In startup circles, the buzzword “innovation” enters the conversation so frequently, it’s practically a sixth vowel. Innovation is what every hopeful founder is chasing. An innovative product can be the basis of a business, while innovative thinking seems to be the only possible saviour of bloated incumbent companies.
In its broadest form, innovation is coming up with something new or better than what came before. The other side of that coin is dissemination – the promotion of a novel idea. Despite that, strategies for spreading innovations don’t command nearly as much attention from entrepreneurs as the process of innovation itself.
This seems to be largely because spreading an innovation has so often been seen as a matter of selling product. If you create a piece of world-beating productivity software, getting your innovation adopted by business people is synonymous with your basic strategy: sell as many units as possible. However, dissemination of ideas isn’t always so straightforward.
In the medical world, for example, developing a new form of cancer treatment can seem easy compared with the task of convincing regulators and doctors to adopt it. In medicine, as in other highly regulated industries, laws and guidelines of best practice exist to ensure new processes are adopted and applied consistently.
In other words, the rules are designed in part to help good ideas spread more efficiently. Unfortunately, by codifying the behaviour of their professionals, these industries make it more difficult for the next light bulb moment to occur. After all, a code of best practice, by definition, rewards a conservative approach.
There is a trade-off between the dissemination of good ideas and the creation of new ones. The more new ideas are on offer, the harder it is for the good ones to spread. But the more wedded people are to familiar good ideas, the harder it is for any better ideas to gain currency. Importantly, the advantage for someone adopting an innovation in the latter climate is often marginal. In startup parlance, widely accepted ideas have a strong network effect.
At the same time, a reliance on innovation – particularly for its own sake – can be a bad thing. Not every new idea is a good idea, but each and every innovation jockeys for people’s attention and money. Moreover, a competitive marketplace is no guarantee that the best ideas will win. In fact, competition rewards the most marketable product, rather than the best idea.
Think of well regarded but ultimately failed products like Google Wave. Replacing email with a more flexible, extensible platform was (and still is) a fundamentally good idea. But trying to explain the product in more detail than that just confused the average user and Wave floundered. It didn’t matter to the market how good the idea was.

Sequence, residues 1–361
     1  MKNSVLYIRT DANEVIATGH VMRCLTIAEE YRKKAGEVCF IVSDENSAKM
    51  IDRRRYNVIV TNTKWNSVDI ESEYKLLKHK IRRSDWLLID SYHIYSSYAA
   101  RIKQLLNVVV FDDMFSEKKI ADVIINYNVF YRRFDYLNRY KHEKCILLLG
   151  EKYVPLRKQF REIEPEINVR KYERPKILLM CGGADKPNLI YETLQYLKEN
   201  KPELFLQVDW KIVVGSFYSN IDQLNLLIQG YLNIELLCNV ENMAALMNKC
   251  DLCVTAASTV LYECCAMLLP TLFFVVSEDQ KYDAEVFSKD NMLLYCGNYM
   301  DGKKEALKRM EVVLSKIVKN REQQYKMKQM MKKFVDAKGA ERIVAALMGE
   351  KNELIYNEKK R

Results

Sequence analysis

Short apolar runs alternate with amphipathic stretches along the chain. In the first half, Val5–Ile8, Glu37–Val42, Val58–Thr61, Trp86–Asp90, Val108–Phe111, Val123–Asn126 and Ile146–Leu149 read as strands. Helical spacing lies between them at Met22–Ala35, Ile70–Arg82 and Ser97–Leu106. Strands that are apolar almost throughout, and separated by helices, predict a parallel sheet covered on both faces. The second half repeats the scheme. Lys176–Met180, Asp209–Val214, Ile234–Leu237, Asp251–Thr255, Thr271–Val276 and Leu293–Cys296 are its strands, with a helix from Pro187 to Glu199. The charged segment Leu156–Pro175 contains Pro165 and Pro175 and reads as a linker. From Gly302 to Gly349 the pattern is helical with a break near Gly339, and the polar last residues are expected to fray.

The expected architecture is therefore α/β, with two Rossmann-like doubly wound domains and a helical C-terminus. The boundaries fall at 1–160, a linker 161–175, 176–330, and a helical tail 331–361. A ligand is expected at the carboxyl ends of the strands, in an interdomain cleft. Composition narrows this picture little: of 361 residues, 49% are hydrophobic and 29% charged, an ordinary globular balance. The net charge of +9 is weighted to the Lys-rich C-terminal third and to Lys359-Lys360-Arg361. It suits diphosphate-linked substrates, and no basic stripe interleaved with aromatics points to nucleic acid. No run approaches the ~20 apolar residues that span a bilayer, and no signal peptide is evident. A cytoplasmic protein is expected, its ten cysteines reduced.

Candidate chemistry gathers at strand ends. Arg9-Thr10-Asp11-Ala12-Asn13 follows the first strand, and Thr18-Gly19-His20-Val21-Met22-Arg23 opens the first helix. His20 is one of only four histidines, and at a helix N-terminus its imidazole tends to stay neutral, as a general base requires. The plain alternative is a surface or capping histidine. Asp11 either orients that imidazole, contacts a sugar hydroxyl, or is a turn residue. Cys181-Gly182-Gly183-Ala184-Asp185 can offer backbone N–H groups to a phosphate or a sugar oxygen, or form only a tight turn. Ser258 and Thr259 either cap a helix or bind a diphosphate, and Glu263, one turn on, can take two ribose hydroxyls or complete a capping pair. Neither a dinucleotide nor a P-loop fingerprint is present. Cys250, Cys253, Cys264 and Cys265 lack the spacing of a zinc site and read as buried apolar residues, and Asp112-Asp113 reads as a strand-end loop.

That’s not to say the innovation behind the product is unimportant; far from it. Facilitating the spread of good ideas is one of the highest aims of the Web, and any entrepreneur should be proud to see their innovation influence the world. However, since the market can’t be relied upon to spread good ideas, the dominance of a product and the dominance of the idea behind it are distinct, though related, goals.
Look at the way Tesla Motors pursues the two goals in tandem. On the one hand, they’ve worked hard to cultivate the image of their cars as the transport of the future. Tesla’s car sales are increasing, and they’re moving to sell in more and more countries. They’re doing a good job pushing their product. On the other hand, they’ve allowed competitors – and anyone else who’s interested – to make use of Tesla patents free of charge to build their own electric cars.
At first, it might look as though Tesla is sacrificing a commercial advantage in their zeal for spreading innovations. In this case, ensuring the dominance of the idea behind their product will indirectly encourage sales of the product itself. The global market for electric cars is still very small when compared with the market for traditional internal combustion engine cars.
The widely adopted product has a strong network effect in the form of easily accessible petrol stations and experienced mechanics. Right now, in many cities and towns around the world, the benefit for an individual who switches to an electric car is offset by the lack of access to appropriate recharge points, service stations and so on.
Tesla alone can only do so much to counter that. But by making it easier and cheaper for other car companies to produce electric cars, the market for those cars is likely to grow more quickly. With more electric cars on the road, networks of services for electric cars will become more common, making it simpler for people to switch.
As technology becomes more tightly integrated into everyday life, we’ll see more companies like Tesla, with a dual focus on the idea as well as the product. For example, platforms such as Airbnb and Uber aim to foster a change in their users’ behaviour as well as selling a convenient service.
Uber needs to get people onboard with the notion that ridesharing is striking a blow for the consumer against the faceless cab companies. Their success in doing so is plain to see – that idea is one of the few things which has spread around the world faster than the Uber service itself.
When an innovation involves changing people’s behaviour, then spreading the idea behind it is just as important as selling the product.
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